0 votes Thank Flag Link Thu Mar 28, 2013
Real value takes on many faces....in many cases the real value of a home doesn't come from the house itself but on the property on which it stands.

So can an older home have greater value than a newer one? ABSOLUTELY!

Bill
0 votes Thank Flag Link Thu Mar 28, 2013
Older homes, might have more value than new ones, mainly because they have more character and charm than new homes.Older homes are also in more established neighborhoods with good schools and other amenities that make them more attractive.
Besides builders in past decades created homes way differently than they do now, and you can see that in the quality and the construction of older homes.
Unfortunately, though, that character and charm also comes with a few difficulties you wouldn’t have to face with a brand new home.
when you’re thinking of putting in an offer on an older home, here are the top five things you’ve got to address:

http://www.realtypin.com/news/story/1080-the-top-5-tips-for-…
Web Reference: http://www.realtypin.com
0 votes Thank Flag Link Thu Mar 28, 2013
Good Morning
Thats an impossible question to answer correctly. The correct answer is dictated by the sold and inventory of homes for sale in the mareket/area you intend to purchase.
I encourage people purchasing real estate to "learn their market" and I offer a step by step proven process that will assure the that confidence.
Establish geographical area, a price range and start with a comprehensive list of every property for sale. Carefully map them all out and drive by every property. Buyers find this simple and rewarding. They are able to move confidently on the best buys and through the negotiations. Most importantly they are happy home owners in there new home knowing they did the best that could be accomplished with their resources.
Thanks for a very good question, Stephen Webber
0 votes Thank Flag Link Wed Mar 27, 2013
If we are talking about Chicago, and a restored Victorian, or even an impeccably maintained brick two flat versus the majority of buildings that went up in the last decade, then I'd have to put more value on the older home. In certain situations. But in another case, a 1950's raised ranch will have less value than a similar size (square footage wise) new construction home built by a reputable builder.

This is obviously a ridiculous question as the variables are more than any forum has room for.

Does an older dog have more value than a new one?

Depends.
0 votes Thank Flag Link Fri Mar 22, 2013
It depends on a llt of variables. Talk to a Realtor in that area and they can better answer that question. Older homes can be a good deal or a money pit as they will surely need more repair and manitenance. they will also be less energy efficient. That said they can have a lot of appeal and conveinience. Start by talking to a Realtor.
0 votes Thank Flag Link Thu Mar 21, 2013
It depends heavily on the neighborhood and type of house
0 votes Thank Flag Link Thu Mar 21, 2013
It depends heavily on the neighborhood, Some older homes in historic districts that are keep up nice and have been remodeled on the inside might go for more than a new home, but an equally older home in a rough part of town will likely go for much less even if it has been updated like the one in the historic district. The old cliche of Location, Location, Location still holds true today for the most part.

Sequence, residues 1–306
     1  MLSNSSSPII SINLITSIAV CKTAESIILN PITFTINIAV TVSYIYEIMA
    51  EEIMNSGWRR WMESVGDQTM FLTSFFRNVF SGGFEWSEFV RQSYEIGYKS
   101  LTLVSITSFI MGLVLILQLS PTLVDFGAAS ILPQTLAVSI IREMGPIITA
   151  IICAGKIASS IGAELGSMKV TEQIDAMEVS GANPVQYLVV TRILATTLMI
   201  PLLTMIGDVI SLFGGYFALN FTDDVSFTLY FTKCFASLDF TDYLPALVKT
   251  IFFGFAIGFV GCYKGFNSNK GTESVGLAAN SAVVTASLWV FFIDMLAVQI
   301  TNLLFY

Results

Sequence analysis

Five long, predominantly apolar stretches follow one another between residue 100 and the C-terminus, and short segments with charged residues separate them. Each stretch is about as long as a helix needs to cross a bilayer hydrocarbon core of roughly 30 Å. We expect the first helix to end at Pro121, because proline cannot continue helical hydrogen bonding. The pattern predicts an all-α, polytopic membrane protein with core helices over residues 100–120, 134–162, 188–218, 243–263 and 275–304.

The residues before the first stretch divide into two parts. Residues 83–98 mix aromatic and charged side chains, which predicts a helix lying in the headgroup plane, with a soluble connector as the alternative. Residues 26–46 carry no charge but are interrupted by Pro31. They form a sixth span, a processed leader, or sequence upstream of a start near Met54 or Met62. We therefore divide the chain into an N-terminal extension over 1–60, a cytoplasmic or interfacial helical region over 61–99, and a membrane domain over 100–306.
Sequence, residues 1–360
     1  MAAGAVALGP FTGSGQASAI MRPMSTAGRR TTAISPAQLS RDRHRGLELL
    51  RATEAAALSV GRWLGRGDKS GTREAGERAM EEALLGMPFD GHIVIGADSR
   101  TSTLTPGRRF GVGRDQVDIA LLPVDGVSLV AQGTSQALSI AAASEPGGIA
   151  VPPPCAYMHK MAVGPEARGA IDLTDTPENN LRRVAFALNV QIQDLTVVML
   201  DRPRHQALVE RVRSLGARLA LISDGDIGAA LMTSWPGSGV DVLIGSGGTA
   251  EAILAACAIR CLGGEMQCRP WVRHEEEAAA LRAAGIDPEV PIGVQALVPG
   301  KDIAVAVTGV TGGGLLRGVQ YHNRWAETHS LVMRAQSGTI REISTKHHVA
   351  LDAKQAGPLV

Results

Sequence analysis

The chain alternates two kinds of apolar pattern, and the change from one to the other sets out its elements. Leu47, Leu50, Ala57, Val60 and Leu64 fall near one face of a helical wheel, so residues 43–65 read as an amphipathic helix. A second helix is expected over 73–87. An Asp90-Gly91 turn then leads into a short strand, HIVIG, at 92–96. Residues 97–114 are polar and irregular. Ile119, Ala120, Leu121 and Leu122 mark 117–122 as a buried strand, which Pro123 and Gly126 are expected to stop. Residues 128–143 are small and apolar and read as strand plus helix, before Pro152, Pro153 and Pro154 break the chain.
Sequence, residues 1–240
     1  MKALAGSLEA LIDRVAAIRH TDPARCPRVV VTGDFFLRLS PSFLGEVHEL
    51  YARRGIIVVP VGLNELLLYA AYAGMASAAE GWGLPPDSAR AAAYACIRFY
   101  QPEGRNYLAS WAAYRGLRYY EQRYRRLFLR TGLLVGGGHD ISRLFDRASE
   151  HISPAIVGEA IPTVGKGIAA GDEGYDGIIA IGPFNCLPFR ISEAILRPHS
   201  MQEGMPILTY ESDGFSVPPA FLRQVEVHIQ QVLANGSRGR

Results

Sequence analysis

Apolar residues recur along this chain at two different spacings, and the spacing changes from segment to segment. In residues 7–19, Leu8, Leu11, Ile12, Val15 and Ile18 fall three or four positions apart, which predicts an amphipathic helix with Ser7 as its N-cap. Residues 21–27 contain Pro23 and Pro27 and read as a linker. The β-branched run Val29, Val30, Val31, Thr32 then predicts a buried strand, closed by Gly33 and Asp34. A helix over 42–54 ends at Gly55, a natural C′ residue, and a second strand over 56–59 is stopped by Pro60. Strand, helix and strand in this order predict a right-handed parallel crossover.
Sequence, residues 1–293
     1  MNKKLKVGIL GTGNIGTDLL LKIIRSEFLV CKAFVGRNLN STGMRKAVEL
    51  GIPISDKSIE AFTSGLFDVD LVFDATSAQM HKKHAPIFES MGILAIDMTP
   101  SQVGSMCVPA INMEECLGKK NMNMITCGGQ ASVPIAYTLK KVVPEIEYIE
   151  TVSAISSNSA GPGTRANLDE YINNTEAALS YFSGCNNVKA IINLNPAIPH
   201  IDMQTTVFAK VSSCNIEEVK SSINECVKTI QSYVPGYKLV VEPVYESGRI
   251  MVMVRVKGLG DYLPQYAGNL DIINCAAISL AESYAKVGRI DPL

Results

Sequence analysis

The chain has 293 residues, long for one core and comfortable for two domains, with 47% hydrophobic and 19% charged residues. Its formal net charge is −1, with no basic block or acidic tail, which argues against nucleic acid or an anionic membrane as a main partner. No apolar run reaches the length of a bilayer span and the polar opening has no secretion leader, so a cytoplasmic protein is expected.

0 votes Thank Flag Link Wed Mar 20, 2013
Not usually. Home buyers like newer homes and the latest amenities in them. Though some historic homes may appeal to a certain type of home buyers.
0 votes Thank Flag Link Wed Mar 20, 2013
Many assume that new or newer construction is worth more than an older home (all other things being equal). However, many of the newer homes built in the last 20 years have inferior quality building materials. For example, many who purchased a new construction home built with cinder blocks will tell you that they regret their decision because water penetrated the cinder blocks. Bottom line; do some research about the builder and the materials used in the construction
0 votes Thank Flag Link Wed Mar 20, 2013
All being the same in each, no, it is not. But, that is seldom if ever, the case.
A more reasonable answer would be "give me more info and I can give you a specific answer."
And, as always, the buyers, not us, determine values.
0 votes Thank Flag Link Wed Mar 20, 2013
Right now you can still buy older homes for much less than replacement value, but every address will have to be looked at independently for a value comparison.

Erik Sachs
RpV Realty and Development
Cell 773/368-5515
Email esachs@rpvinc.com
0 votes Thank Flag Link Tue Mar 19, 2013
what are the 2 homes you are comparing?
0 votes Thank Flag Link Tue Mar 19, 2013
That has little to do with value, but the condition/updates has value as well as lots of other factors.
0 votes Thank Flag Link Tue Mar 19, 2013
An older Frank Lloyd Wright designed home occupied by Jesse Jackson Jr. may have a great deal more value than the brand new D.R. Horton McMansion located next door.
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There is just so much we do not know.
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Best of success to you,
Annette Lawrence, Broker/Associate
Remax Realtec Group, Palm Harbor, FL
727.420.4041
http://RealEstateMadeEZ.us

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0 votes Thank Flag Link Tue Mar 19, 2013
Hard to say since there are so many things to consider like area, condition, size, etc.
0 votes Thank Flag Link Tue Mar 19, 2013
depends on condition, construction, neighborhood etc. in some cases yes in others no.
0 votes Thank Flag Link Tue Mar 19, 2013
It all depends on location, condition, etc. Its impossible to say.
0 votes Thank Flag Link Tue Mar 19, 2013
no..if they are on the same lot and same size something newer is worth more most of the time..come into my office to discuss
0 votes Thank Flag Link Tue Mar 19, 2013
It depends on the condition and location of the older home in relation to the newer one.
0 votes Thank Flag Link Tue Mar 19, 2013